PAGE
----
Venum Boxing Gloves Review

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While I have listed Venum gloves on a number of my recommendations over the past years, this powerhouse brand deserves a dedicated article. With the brand signing on and taking over Reebok as the official UFC outfitting partner, there is no better time than now for a Venum gloves review.

Venum is one of the most prominent fight brands today, thanks to the exposure from its stellar team of sponsored athletes that competes in promotions like UFC, ONE and Glory. But how do Venum boxing gloves fare up to its competitors?

Are Venum Boxing Gloves Good?

TL;DR: My review is based on my experience with the standard-range Elite (made in Thailand) and the lower-end Challenger 2.0 (not made in Thailand) models. Right off the bat, one key characteristic across both Venum gloves is the roomy fit which makes them most suited for average-sized to big hands

The Challenger 2.0 has inadequate wrist support and very soft padding. With the Elite model, you can expect just a slight upgrade including better foam padding, and improvements in providing wrist stability.

Both Challenger and Elite are constructed with synthetic leather but the quality on Elite is higher with better feel and durability. For the same price of the Elite model, you can get a real leather pair from Thai brands like Twins and Fairtex.

The Challenger 2.0 comes at an affordable price-point and so you do get what you pay for. What ultimately wins fans over is the brand’s modern aesthetic sensibilities and less its overall quality.

Venum Elite Boxing Gloves - Black/Pink Gold
  • 3 layers of natural foam
  • Attached thumb
  • Anatomical shape / Grip

Venum Challenger 2.0 Boxing Gloves - White/Gold - 10-Ounce
  • 100% high quality PU leather
  • Triple Density foam for better shock management
  • 100% full attached thumb

If you want an in-depth review of Venum Boxing gloves and the brand’s history, read on before investing in a pair.

About Venum
venum boxing gloves review

Venum is a French mma brand founded in 2005 by Parisian, Franck Dupuis. Venum’s early years centered on Brazil where the label’s first products (shorts, t-shirts, rash guards) were manufactured.

It also sponsored a number of top Brazilian fighters like Wanderlei Silva and Jose Aldo. This association led to the widespread -but erroneous- assumption over the brand being Brazilian. However, Venum’s iconic viper logo does take its inspiration from Brazil’s rainforest snakes. 

In 2010, Venum began expansion on its product range to a complete catalog of fight gear and equipment. Dupuis took its manufacturing operations to Thailand and developed a series of products including boxing gloves and mma gloves for which the brand is now known for.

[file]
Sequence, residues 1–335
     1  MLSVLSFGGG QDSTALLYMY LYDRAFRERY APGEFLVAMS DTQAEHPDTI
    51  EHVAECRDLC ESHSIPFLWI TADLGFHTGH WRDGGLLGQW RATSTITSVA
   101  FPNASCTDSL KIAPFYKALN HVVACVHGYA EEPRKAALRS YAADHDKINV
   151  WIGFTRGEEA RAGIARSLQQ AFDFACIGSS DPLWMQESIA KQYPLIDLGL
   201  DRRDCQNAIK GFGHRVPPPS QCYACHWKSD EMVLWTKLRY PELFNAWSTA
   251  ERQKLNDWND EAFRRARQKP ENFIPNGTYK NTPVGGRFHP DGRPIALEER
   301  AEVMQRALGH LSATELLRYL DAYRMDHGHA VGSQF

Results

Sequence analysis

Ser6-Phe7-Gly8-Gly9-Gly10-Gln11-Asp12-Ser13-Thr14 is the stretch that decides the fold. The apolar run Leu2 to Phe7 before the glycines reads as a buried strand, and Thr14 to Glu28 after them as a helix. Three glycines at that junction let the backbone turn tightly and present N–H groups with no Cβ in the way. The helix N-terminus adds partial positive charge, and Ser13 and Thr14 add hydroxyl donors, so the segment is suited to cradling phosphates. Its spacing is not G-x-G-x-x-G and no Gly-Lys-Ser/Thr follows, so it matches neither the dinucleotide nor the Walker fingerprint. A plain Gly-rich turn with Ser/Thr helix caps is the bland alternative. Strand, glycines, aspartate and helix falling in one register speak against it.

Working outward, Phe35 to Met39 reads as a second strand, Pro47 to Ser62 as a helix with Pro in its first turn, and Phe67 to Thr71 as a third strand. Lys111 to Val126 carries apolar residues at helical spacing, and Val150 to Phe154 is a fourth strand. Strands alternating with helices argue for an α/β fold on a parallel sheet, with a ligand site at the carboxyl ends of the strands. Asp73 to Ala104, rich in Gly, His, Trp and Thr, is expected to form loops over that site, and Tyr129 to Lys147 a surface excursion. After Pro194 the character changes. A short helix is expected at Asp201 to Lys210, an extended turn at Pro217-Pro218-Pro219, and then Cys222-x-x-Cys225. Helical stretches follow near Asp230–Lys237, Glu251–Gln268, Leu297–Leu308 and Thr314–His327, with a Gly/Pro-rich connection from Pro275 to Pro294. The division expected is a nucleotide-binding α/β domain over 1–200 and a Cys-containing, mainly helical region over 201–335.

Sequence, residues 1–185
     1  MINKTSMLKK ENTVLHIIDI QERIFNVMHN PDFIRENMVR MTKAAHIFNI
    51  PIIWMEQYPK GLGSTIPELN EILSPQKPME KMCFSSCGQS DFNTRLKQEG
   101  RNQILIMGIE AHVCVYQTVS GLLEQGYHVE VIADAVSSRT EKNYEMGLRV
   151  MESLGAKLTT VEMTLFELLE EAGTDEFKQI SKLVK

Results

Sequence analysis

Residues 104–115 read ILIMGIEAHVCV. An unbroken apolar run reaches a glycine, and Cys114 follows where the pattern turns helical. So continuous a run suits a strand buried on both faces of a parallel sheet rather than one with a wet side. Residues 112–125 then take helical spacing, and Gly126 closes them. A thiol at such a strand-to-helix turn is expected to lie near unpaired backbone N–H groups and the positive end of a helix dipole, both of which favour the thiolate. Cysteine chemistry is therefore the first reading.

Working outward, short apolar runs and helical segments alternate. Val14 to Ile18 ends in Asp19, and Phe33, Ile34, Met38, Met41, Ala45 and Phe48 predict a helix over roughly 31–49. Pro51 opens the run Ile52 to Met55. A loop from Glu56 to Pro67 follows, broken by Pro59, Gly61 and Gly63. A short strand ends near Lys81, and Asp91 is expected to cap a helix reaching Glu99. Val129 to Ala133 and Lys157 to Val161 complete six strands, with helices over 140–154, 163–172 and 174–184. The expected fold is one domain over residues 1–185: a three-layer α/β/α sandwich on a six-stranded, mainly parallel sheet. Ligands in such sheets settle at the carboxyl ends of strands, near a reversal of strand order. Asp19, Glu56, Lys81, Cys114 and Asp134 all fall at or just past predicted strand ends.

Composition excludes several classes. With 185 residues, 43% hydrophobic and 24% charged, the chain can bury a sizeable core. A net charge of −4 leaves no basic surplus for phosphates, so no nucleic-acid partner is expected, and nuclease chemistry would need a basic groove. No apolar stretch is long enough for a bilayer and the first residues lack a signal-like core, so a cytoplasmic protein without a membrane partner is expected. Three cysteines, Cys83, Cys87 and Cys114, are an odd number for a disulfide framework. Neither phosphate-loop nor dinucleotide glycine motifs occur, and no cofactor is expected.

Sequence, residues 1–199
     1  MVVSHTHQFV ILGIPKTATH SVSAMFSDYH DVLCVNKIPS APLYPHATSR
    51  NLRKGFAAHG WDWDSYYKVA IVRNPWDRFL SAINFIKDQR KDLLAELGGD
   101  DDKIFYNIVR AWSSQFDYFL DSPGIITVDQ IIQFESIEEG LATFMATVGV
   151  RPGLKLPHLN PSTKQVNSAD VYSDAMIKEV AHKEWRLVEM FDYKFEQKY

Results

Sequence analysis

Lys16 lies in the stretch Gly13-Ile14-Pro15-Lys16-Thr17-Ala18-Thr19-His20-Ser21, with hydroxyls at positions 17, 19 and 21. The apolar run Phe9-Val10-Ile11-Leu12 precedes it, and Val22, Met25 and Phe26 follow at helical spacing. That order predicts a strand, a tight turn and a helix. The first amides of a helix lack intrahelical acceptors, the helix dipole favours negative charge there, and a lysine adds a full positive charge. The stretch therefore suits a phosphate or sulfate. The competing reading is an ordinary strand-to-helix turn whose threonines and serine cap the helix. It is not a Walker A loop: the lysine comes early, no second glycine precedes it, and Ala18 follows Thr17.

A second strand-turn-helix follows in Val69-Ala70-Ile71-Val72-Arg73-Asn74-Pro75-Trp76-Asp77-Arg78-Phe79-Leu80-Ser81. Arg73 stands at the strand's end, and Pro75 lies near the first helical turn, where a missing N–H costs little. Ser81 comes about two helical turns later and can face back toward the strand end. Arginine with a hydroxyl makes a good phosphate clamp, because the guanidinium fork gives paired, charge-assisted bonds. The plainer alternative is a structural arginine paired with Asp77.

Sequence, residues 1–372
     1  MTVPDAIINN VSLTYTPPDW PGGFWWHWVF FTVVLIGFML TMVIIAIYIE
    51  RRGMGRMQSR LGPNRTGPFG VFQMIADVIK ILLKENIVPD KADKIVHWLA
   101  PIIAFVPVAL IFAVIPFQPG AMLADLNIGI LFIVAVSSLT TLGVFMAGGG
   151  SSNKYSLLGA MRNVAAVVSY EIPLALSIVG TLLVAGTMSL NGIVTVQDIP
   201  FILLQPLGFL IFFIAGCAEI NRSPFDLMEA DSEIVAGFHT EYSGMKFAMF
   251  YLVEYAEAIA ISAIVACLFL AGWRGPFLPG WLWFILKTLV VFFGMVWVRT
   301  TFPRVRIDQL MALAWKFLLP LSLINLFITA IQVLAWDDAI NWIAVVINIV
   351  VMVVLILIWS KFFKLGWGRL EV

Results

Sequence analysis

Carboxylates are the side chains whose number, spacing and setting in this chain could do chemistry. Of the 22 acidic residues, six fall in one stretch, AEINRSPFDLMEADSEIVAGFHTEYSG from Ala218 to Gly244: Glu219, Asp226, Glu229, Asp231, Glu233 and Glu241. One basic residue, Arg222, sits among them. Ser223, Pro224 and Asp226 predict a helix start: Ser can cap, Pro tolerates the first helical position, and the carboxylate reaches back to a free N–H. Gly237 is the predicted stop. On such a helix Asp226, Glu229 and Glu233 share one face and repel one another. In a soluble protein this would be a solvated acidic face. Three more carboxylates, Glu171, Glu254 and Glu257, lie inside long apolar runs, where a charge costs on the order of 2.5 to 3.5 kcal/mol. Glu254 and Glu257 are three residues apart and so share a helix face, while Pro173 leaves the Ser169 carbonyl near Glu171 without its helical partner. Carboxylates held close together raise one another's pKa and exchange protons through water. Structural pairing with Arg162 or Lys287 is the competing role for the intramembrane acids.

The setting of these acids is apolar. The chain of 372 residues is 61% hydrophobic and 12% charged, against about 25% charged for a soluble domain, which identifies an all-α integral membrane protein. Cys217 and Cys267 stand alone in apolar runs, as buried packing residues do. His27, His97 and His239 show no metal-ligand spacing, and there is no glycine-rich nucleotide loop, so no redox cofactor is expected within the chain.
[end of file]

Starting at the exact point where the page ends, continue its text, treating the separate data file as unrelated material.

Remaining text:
The brand’s quest was taken further in 2014 when Venum launched its Muay Thai product line. A year later, the Venum fight camp opened in Pattaya, becoming a key player producing many top strikers.

Today, Venum sponsors a star-studded fight team of world-class strikers including Giorgio Petrosyan, Sitthichai Sitsongpeenong, Petpanomrung Kiatmoo9, Elias Mahmoudi, Alaverdi Ramazanov and many more. 

It was recently announced (10 July 2020) that the brand would be the official partner for UFC beginning in 2021 when the promotion’s contract with Reebok ends. Venum was one of the most popular choices of apparel for UFC competitors prior to the promotion’s partnership with Reebok. So this new partnership comes as no surprise.

Venum Boxing Gloves Review (Elite vs Challenger 2.0)
venum boxing gloves review

This review is based on my experience training with the Elite and Challenger 2.0 boxing gloves models.  


Venum gloves fit on the roomy side of things, making them more ideal for boxers with average to large hands. The gloves feel soft and did not require any breaking-in, ready for use straight out of the box. If you have smaller hands, you might want to avoid them.


The wrist support is where I have an issue with the Challenger 2.0. I get that these were designed in Thailand and so clinching may have been taken into consideration but the flex on the wrists is way too soft.

There is simply no stability and support which is not ideal for hard training on the pads and heavy bags. The Elite model has better wrist support than the Challenger 2.0 so it’s something to consider paying more for if you need that additional stability.

In terms of the cushioning, there is just a small difference between the Challenger 2.0 and Elite.

With the Challenger, the padding is soft but too soft for protection if you are a hard puncher. The padding is not thorough and lacks the back-of-hand protection for sparring.

The Elite fills little of the gap left by the Challenger, featuring just slightly firmer padding for moderately better training/sparring experience.